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NSU Wankel Spider (1964 - 1967)

Last updated 29 August 2013

 
4
Fast and pretty, with smooth rotary engine, Wankel issues sorted now
Parts are scarce in the UK, with little club back-up
2,375
were produced
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Introduction

Although Felix Wankel’s design of engine ultimately became one of the industry’s white elephants, every car powered by a rotary seemed to have a delightful character. The first car to appear with a Wankel engine under its bonnet is one not too many people will have heard of – the NSU Wankel Spider. The cute little cabriolet may have been the first car powered this way, but it wasn’t until 1967 and the introduction of the NSU Ro80 that rotary engines were produced in any real volume. Based on the pretty Sport Prinz coupé, the Spider lost that car’s roof for an even more stylish design. It may have been desirable, but the price seriously hampered sales.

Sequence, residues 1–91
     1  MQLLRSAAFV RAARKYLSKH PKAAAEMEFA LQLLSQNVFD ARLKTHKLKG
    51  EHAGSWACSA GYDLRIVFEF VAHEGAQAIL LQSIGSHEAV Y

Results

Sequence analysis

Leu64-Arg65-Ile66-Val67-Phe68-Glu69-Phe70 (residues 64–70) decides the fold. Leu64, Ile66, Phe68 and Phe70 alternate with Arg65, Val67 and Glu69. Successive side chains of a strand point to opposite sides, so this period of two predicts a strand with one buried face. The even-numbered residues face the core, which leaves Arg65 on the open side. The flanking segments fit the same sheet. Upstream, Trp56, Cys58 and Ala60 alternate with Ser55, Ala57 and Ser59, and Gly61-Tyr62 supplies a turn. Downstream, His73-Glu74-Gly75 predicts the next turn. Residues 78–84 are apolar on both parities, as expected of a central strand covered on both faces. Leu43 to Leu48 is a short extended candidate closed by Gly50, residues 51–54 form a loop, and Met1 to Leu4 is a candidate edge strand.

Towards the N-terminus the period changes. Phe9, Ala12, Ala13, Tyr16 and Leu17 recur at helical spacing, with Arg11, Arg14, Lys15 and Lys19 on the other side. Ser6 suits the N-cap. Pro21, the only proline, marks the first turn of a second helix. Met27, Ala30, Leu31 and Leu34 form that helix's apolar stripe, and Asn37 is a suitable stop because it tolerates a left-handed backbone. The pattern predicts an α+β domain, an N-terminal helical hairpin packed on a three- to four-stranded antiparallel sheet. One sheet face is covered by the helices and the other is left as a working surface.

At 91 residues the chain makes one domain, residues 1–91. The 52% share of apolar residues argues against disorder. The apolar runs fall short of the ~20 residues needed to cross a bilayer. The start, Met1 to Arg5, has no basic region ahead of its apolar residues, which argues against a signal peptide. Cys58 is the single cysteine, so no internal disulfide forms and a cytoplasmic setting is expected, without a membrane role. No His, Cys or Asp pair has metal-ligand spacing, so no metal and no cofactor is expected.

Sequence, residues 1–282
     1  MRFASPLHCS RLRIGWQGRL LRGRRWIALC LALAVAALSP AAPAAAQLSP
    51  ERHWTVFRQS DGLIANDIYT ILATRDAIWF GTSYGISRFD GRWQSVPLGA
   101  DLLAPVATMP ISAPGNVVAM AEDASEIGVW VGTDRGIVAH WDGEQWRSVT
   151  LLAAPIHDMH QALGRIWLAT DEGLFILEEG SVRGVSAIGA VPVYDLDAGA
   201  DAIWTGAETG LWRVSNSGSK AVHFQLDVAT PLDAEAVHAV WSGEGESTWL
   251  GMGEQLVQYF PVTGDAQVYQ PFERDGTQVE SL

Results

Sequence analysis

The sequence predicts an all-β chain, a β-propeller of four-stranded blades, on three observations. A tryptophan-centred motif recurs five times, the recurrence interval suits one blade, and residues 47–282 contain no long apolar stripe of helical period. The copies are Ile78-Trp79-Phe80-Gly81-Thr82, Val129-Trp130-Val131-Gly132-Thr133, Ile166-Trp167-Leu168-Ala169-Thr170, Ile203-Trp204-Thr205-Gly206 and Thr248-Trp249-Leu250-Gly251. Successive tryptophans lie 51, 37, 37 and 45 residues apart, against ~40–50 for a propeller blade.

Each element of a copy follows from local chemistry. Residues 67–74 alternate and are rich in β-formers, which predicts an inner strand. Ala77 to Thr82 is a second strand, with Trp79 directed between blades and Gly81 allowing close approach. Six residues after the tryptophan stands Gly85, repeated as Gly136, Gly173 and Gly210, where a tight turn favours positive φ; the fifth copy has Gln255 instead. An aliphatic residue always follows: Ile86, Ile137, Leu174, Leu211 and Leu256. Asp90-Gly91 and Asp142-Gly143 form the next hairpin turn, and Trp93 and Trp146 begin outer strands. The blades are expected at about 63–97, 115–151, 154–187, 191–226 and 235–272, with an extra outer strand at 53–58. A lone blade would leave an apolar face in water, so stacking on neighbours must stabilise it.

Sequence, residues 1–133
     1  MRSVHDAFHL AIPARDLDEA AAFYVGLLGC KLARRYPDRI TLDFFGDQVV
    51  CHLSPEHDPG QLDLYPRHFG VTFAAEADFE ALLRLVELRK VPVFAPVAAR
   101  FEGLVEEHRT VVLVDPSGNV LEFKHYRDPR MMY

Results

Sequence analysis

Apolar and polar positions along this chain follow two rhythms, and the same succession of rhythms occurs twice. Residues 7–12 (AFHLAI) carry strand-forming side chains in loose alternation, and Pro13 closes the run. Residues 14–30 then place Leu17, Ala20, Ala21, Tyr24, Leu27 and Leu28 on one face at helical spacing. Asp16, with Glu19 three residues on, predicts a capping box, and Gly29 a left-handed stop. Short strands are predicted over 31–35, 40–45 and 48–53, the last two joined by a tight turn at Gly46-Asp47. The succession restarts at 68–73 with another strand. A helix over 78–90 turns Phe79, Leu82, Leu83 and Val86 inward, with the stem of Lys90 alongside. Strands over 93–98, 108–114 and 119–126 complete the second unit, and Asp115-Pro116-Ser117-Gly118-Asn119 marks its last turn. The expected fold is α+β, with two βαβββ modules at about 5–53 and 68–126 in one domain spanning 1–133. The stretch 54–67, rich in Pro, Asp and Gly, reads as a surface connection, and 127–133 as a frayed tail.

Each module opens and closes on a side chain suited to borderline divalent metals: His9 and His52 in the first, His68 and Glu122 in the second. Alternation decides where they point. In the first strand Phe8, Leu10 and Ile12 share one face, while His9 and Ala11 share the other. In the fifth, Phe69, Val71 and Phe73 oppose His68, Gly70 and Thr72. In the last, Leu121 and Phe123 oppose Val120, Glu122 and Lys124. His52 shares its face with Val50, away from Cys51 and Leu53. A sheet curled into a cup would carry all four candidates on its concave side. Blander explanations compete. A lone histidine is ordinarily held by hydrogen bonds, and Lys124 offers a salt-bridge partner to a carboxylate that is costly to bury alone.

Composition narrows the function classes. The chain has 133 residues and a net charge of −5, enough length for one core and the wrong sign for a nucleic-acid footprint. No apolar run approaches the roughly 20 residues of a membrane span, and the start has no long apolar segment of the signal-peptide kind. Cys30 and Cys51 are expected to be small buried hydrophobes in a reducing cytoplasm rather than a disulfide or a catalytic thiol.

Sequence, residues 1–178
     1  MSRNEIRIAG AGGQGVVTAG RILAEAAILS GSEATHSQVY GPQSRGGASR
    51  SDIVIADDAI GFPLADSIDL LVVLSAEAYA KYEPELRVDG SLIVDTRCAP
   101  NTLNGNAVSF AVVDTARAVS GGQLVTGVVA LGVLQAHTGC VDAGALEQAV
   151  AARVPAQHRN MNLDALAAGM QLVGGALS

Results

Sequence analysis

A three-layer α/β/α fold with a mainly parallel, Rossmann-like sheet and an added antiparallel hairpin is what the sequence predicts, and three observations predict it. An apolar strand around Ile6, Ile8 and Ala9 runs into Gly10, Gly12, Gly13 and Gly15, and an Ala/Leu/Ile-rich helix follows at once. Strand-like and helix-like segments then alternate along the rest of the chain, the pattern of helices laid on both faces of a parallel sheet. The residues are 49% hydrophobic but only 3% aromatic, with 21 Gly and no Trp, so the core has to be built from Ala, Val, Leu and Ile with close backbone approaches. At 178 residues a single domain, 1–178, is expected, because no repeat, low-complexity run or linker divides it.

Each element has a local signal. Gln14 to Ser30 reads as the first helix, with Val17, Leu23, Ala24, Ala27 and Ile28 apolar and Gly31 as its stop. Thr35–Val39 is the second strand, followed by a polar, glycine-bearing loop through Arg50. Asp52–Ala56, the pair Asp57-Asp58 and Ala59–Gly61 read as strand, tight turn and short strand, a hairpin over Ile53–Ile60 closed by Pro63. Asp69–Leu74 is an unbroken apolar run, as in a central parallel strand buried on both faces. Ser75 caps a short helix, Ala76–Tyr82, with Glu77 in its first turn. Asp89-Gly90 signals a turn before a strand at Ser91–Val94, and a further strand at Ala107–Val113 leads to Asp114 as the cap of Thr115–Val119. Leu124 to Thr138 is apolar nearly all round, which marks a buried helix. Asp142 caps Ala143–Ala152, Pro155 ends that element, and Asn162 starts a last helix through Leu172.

The Spider had many other positive points – it was capable of a top speed of 100mph, and because of the engine’s lightness the Prinz's already impressive handling was significantly improved. It should have been a success, but like all early rotaries, the Wankel Spider was hampered by reliability problems that put buyers off who had not been scared away by the price. Without doubt, the Spider was interesting and a missed opportunity, but it was merely a prelude to the next – much more impressive – rotary powered NSU.

 

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